Gurdaspur attack: Anti-terror op ends; four cops killed, militants eliminated
The terror attack in Punjab's Dinanagar town in Gurdaspur district ended on Monday evening after fierce gun battle had raged for over 11 hours, which saw at least eight people dead and several injured
Gurdaspur: After nearly 11 hours, the terrorist attack on Punjab's Dinanagar town in Gurdaspur district bordering Pakistan came to an end on Monday evening, police sources said.
The sources said that three terrorists had been killed in the counter-offensive launched by the Punjab Police. Six people, including a senior police officer, two home guards personnel and three civilians, were killed in the attack.
An official said that the area was being secured.
"Combing operations are on now," said Gurdaspur Deputy Commissioner Abhinav Trikha.
Police officials said that exact details of the number of terrorists killed will emerge only after the combing operation by the Punjab Police and other security agencies ends.
Senior police officers, including Punjab Director General of Police (DGP) Sumedh Singh Saini, went inside the besieged police station complex here once the state's police's special forces gave the signal that the terrorists had been neutralised.
In the first major terror strike in Punjab in eight years, heavily-armed militants in army uniform sprayed bullets on a moving bus and stormed a police station at around 5 AM.
The terrorists have killed six persons-- three civilians and three policemen including Superintendent of Police (Detective), Baljit Singh, a Punjab provincial service officer, police said.
Indian Army personnel take position during the encounter with armed attackers at the police station in Dinanagar town, in the Gurdaspur district of Punjab state. Pic/AFP
Authorities said that more people were likely to killed in the terror attack.
"So far reports of five deaths including three civilians and two police personnel confirmed from Gurudaspur. Operation is still on," tweeted Press Information Bureau in Delhi.
Three home guard personnel who were inside the police station were among those feared killed. Other victims were civilians, including a person inside an adjoining hospital.
Home Minister Rajnath Singh said that he had spoken to director general of Border Security Force (BSF) D.K. Pathak and instructed him to step up the vigil on India-Pakistan border in the wake of attack in Gurdaspur.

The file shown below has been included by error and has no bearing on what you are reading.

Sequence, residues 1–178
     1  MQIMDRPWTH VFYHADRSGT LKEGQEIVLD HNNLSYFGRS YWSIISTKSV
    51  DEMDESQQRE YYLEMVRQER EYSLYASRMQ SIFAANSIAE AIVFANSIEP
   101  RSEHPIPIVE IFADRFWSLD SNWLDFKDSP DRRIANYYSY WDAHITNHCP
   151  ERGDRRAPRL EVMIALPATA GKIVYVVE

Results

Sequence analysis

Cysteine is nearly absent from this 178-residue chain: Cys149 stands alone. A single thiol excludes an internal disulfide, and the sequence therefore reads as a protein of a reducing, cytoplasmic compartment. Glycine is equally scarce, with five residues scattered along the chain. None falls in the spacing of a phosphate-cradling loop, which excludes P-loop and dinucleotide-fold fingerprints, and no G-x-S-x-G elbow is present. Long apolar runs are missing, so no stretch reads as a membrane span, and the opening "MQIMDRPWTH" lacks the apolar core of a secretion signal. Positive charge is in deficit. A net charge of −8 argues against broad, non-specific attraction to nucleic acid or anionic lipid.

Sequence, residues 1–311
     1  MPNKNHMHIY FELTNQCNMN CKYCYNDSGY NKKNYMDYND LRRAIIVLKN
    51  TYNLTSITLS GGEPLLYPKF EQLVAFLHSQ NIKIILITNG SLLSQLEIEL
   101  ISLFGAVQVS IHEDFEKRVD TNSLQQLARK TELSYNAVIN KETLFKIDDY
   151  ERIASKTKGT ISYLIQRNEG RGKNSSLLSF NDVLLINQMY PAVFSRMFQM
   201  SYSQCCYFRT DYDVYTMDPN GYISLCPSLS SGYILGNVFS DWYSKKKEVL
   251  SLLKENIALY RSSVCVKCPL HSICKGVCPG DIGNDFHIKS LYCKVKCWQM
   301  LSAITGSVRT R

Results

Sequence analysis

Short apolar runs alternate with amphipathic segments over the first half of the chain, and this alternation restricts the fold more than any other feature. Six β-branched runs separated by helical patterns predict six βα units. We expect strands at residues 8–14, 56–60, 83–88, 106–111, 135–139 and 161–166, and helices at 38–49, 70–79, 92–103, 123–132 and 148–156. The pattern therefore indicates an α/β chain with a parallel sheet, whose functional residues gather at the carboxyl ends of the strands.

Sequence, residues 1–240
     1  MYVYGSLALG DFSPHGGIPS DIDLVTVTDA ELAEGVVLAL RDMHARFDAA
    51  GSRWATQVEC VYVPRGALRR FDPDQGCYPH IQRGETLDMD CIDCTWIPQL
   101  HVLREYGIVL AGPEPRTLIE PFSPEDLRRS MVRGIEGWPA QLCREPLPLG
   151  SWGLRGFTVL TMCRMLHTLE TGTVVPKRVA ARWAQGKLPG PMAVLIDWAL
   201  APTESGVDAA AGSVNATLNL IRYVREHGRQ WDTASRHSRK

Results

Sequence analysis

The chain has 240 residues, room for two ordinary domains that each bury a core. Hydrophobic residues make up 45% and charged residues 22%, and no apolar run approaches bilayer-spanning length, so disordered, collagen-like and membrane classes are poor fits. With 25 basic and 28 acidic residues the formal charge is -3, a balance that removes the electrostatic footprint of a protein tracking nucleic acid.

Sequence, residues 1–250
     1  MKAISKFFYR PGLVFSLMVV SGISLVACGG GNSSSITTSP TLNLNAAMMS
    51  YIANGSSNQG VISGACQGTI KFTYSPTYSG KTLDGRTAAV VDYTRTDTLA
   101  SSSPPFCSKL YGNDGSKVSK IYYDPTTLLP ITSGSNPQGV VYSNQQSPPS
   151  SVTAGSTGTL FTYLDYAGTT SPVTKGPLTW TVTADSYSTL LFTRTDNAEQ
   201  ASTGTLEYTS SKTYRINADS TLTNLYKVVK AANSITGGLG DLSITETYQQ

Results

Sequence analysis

Special forces of the army and NSG as well as police commandos took up position around the Dinanagar police station.
This was the first major terror attack in Punjab following the assassination of then chief minister Beant Singh on August 31, 1995.
Punjab police personnel at the police station in Dinanagar town. Pic/AFP
Monday's attack began at 5.30 a.m. at Dinanagar town in Punjab's frontier district of Gurdaspur, close to the India-Pakistan border and near the border with Jammu and Kashmir state.
A gun battle raged between the terrorists, holed up inside the Dinanagar police station, and security forces, including soldiers. Continuous sound of firing and lobbying of grenades could be heard even hours after the first shots were fired by the militants.
The police station, adjoining government hospital, residential quarters inside the police station and nearby private houses were quickly cordoned off by security forces.
Minister of state for home Kirren Rijiju told IANS in Delhi that "as of now there is no information regarding hostages being held. We are looking into it and once I get some more information, I will come out with it".
The terrorists, numbering four, are believed to have come from Pakistan. They arrived in a Maruti 800 car which they had hijacked after firing at the driver and killing a person in a dhaba nearby. They also fired at people near the Dinanagar bus stand and then attacked the Dinanagar police station, located about 100 metres away.
Eyewitnesses said the terrorists fired on a bus going towards Jammu and later entered the police station.
"We were hit by a burst of gunfire suddenly. I was hit on the shoulder. They are firing indiscriminately every five minutes," a Punjab police official, who was injured in the attack, told media as he was being taken to the hospital.
The town is about 15 km from the India-Pakistan border and 25 km from the border of Jammu and Kashmir state. It is about 235 km from Chandigarh.
Additional Director-General of Punjab Police, Dinkar Gupta, told media the "attack took the Dinanagar police by surprised".
Army and police reinforcements were rushed to the spot. Punjab Police sources said the incident indicated may be a suicide attack.
The attack took place just a day after Chief Minister Parkash Singh Badal faced pro-Khalistan slogans while attending a function at Punjab University in Patiala.
In a related development, five live bombs were found on the Amritsar-Pathankot railway track.
The bombs were found by passersby on a bridge near Parmanand railway station on the Amritsar-Pathankot railway section, who informed security forces. Trains on the route were stopped immediately.
A major railway tragedy was averted as the bombs were carefully wired to the railway track at a small bridge near Parmanand railway station, five km from Dinanagar. A police spokesman told media that the army bomb disposal unit had defused the bombs.
A train, which was to pass on the railway track, was stopped just 200 metres from the spot where the bombs had been planted.